The Constitution provides for individual rights, equality, and protection against discrimination, but in practice discrimination still exists, particularly against Roma. Women Spousal abuse is believed to be common, but the vast majority of such abuse is not reported, and victims who step forward often receive little help from authorities. While there are laws against rape, often it is unreported for cultural reasons. Police attitudes towards victims of sexual abuse are often reportedly unsympathetic, particularly if the victim was acquainted with her abuser. New laws passed in 1997 recognize rape within marriage and increase the penalties for six other crimes. Women's rights organizations claim that 1 woman in 10 is a victim of spousal abuse and that societal attitudes towards spousal abuse are "archaic." The Government statistics office reported 392 rapes nationwide in 1997 and 154 for the first 6 months of 1998; in addition, there were 2,162 cases reported of assaults against women in 1997 and 1,127 cases of assault for the first 6 months of 1998. Legally, women have the same rights as men, including identical inheritance and property rights. While there is no overt discrimination against women, the number of women in middle or upper managerial positions in business and government is low. Women are heavily represented in the judiciary and in the medical and teaching professions. The law does not prohibit sexual harassment in the work place. A 1995 report prepared under the auspices of the U.N. to evaluate compliance with the Convention on the Elimination of Discrimination Against Women termed sexual harassment in the workplace as "virtually epidemic." Women's groups report that there is little support for efforts to criminalize sexual harassment and that harassment is tolerated by women who fear unemployment more than harassment. In the first case of its kind, a woman won her court case after suing a potential employer for sex discrimination after the employer advertised for men only. A Women's Secretariat is being established in the Ministry of Social and Family Affairs to address women's issues better. Children The Government is committed to children's rights. Education is mandatory through 16 years of age, and employment is illegal below the age of 15. There is no societal pattern of child abuse, although NGO's report that neglect and abuse are common in state care facilities. The national police reported 598 cases of violence against children and 58 rapes in 1997, and 340 cases of violence and 25 rapes for the first 6 months of 1998. People with Disabilities A law that was passed in March requires that all public buildings be made accessible to the disabled within 10 years. At present services for the disabled are limited, and most buildings are not wheelchair accessible. A 1997 decree requires all companies that employ over 20 persons to reserve 5 percent of their jobs for the physically or mentally disabled, with fines of up to 75 percent of the average monthly salary for noncompliance. Religious Minorities A case is pending against Enrem Kemal arising from two inflammatory anti-Semitic speeches he made in 1997. In April a court in Heves sentenced Istvan Osze to 10 months' imprisonment for assaulting Tamas Horvath, who falsely claimed to be Jewish. The conviction was the first for a racist assault. In 1997 changes to the Penal Code made it easier to enforce and stiffen penalties for hate crimes committed on the basis of the victim's ethnicity, race, or nationality. National/Racial/Ethnic Minorities The 1993 Law on Ethnic and Minority Rights establishes the concept of collective rights of minorities and states that minorities need special rights in order to preserve their ethnic identities. It explicitly permits organized forms of limited self-government in areas where ethnic groups constitute a majority and states that the establishment of self-governing bodies must be made possible in localities where an ethnic group constitutes less than a majority of the population. The law permits associations, movements, and political parties of an ethnic or national character and mandates the unrestricted use of ethnic languages. Only those ethnic groups that have lived within the country's present borders for at least 100 years and whose members are citizens may obtain recognized status under this law. On this basis, the law specifically grants minority status to 13 ethnic or national groups. Other groups may petition the Chairman of Parliament for inclusion if they include at least 1,000 citizens and have their own language and culture. There were 770 Romani minority self-governments elected in the local elections in October, a significant increase over the 477 elected self-governments in the first minority elections held in 1994. The new self-governments are to begin operating in January 1999. Of the 477 elected in 1994, 396 are still functioning; the discrepancy reflected the number that ceased functioning between 1994 and 1998 due to a lack of funds. With funding from the central budget of $75 million (Huf 1.5 billion) in 1997 and logistical support from local governments, these bodies seek to influence and oversee matters affecting minorities. However, the national minority self-government bodies elected in 1994 had only limited success. The nonRomani minorities appear to be the most satisfied, while Romani leaders express frustration with the self-governments' lack of clear authority, responsibility, or resources. Critics of the minority self-governments claim that, for the Roma, the system failed, in part because it has permitted local governments to abdicate responsibility for their poorest inhabitants while the under-funded minority self-governments cannot meet adequately the needs of this population. In 1995 Parliament appointed an Ombudsman--currently an ethnic German--specifically charged with defending minority rights. Roma constitute at least 4 percent of the population; Germans, the second largest minority group, constitute about 2 percent. Smaller communities of Slovaks, Croats, Romanians, Poles, Ukrainians, Greeks, Serbs, Slovenes, Armenians, Ruthenians, and Bulgarians are recognized as ethnic minorities. Education is available to varying degrees in almost all minority languages. There are minority-language print media, and the state-run radio broadcasts 2-hour daily programs in the mother tongue of major nationalities, i.e., Romani, Slovak, Romanian, German, Croatian, and Serbian. State-run television carries a 30-minute program for the larger minority groups, complemented by 5-minute weekly news bulletins. The newly privatized television stations also carry weekly programs for ethnic minorities. Conditions of life for the Romani community are significantly worse than among the general population. Roma suffer from discrimination and racist attacks and are considerably less educated, with lower than average incomes and life expectancy. The unemployment rate for Roma is estimated to be 70 percent, over seven times the national average. With unemployment benefits exhausted and social services stretched thin, Roma often confront desperate situations. Roma continue to suffer widespread discrimination in education, housing, and access to public institutions, including restaurants and pubs. Roma and other civic organizations highlighted the practice of placing Roma children in remedial education programs designed for children with disabilities or low academic performance, resulting in a form of de facto segregation. Although the children could be returned to the regular school system, only a small percentage return. Schools for Roma are more crowded, more poorly equipped, and in markedly poorer condition than those attended by non-Roma. The Hungarian Helsinki Committee found that there are 132 segregated schools throughout the country. The Government contests the claims of the human rights organizations and states that the Romani schools are designed to provide intensive help for disadvantaged children. In what is considered a landmark case, in July a court ordered a bar owner in the city of Pecs to pay a $750 fine and take out newspaper advertisement apologizing for refusing to serve a Rom. Local officials have in some cases taken advantage of rules prohibiting overcrowded, unsafe, or unsanitary housing, or have punished nonpayment of utility bills by evicting Roma families from residences without providing alternative housing as the law requires. The Government sponsors programs both to preserve Romani languages and cultural heritage and to assist social and economic assimilation. Oversight and budgetary control of the Coordination Council for Roma Affairs and the Office of National Ethnic Minorities was shifted from the Prime Minister's Office to the Ministry of Justice. In July the Government published an action plan designed to improve living conditions in Romani communities, with specific focus on public health, education, and work training. However, the plan provides no additional funds; rather, it redistributes already inadequate resources. Widespread popular prejudice against Roma continues. Police commonly abuse them (see Section 1.c.). The Helsinki Committee recorded two cases of skinhead assaults during the year(one against a group of Roma, the other against an Asian student). According to press reports, a Sudanese man was attacked in Budapest by four skinheads in December. The attackers were arrested and the case is under investigation. Foreigners of color reported harassment by police and at border control checkpoints. The Martin Luther King Organization (MLKO) which documents assaults on nonwhites, recorded two such incidents in 1998, a decrease in the number of assaults. However, MLKO sources believe that many cases go unreported.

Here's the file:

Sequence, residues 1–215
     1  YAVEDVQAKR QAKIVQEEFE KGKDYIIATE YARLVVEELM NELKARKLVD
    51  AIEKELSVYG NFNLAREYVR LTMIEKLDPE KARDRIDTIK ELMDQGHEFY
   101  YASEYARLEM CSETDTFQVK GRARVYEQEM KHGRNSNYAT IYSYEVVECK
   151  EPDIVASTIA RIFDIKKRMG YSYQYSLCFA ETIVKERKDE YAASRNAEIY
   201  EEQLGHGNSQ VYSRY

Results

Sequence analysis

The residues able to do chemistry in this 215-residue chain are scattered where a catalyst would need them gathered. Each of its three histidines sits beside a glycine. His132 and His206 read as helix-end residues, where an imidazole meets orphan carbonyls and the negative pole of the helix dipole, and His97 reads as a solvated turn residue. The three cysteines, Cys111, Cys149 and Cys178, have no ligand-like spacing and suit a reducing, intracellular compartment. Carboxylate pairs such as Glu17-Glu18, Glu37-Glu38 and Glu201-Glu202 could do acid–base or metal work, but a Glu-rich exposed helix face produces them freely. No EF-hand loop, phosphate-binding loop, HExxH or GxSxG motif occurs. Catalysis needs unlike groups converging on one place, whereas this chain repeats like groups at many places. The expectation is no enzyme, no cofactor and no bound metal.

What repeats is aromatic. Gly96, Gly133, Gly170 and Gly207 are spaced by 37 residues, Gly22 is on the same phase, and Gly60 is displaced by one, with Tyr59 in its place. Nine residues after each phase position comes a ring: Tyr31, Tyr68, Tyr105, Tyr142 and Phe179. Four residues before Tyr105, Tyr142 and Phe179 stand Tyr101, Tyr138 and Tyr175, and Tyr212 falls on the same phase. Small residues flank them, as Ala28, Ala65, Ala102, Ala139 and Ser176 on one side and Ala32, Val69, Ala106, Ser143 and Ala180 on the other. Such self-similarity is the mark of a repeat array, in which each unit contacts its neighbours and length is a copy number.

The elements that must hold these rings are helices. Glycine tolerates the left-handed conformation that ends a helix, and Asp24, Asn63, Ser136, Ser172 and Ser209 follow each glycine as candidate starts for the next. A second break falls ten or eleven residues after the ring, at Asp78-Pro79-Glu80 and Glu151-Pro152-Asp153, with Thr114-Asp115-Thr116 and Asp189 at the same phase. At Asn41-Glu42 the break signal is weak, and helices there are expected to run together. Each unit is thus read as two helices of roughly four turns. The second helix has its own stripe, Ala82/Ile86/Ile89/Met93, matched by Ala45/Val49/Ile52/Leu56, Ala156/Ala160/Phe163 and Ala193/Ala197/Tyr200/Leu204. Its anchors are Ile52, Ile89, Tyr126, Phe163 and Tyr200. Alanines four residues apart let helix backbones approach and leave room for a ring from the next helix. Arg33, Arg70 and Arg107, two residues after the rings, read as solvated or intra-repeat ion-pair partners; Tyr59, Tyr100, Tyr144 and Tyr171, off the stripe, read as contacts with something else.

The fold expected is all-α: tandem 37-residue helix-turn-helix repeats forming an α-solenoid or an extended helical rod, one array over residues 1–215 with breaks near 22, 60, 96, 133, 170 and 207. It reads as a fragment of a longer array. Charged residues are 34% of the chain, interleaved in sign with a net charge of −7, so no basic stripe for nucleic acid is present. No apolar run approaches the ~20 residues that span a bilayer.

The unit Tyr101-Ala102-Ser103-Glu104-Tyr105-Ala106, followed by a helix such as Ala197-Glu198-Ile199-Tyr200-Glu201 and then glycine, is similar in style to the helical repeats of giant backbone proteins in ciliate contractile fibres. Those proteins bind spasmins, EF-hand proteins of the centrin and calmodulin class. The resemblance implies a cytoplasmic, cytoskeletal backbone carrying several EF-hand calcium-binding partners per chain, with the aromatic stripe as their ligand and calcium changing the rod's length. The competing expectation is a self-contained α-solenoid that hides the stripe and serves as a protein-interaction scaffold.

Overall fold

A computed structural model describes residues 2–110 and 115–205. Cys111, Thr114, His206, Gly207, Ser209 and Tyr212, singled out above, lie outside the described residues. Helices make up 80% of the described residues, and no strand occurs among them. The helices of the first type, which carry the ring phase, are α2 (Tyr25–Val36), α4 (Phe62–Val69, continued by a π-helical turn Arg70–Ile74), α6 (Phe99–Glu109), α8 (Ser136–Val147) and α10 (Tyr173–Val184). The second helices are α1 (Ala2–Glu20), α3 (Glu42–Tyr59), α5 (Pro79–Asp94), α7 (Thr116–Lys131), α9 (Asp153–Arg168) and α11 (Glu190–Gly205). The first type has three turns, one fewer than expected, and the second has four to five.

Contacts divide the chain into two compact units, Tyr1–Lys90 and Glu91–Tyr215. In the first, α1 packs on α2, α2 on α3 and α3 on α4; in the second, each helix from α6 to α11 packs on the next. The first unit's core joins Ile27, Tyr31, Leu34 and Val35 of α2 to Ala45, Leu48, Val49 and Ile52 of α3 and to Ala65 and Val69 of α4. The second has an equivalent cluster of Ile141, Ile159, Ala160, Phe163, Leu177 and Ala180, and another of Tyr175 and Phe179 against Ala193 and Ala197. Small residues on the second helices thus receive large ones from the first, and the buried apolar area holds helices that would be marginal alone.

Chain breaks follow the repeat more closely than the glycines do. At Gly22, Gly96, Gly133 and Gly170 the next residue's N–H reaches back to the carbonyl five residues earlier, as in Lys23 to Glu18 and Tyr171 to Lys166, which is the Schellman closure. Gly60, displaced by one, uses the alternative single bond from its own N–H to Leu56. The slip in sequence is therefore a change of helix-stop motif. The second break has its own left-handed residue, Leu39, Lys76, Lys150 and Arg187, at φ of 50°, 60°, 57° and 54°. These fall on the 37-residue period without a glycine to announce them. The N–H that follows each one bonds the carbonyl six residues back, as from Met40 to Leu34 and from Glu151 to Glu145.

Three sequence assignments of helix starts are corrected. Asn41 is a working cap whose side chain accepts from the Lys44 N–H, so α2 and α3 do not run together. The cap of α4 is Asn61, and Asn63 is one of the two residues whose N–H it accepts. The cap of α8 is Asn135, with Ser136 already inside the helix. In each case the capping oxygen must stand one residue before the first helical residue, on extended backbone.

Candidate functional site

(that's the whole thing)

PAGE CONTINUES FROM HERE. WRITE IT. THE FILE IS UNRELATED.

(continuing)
Section 6 Worker Rights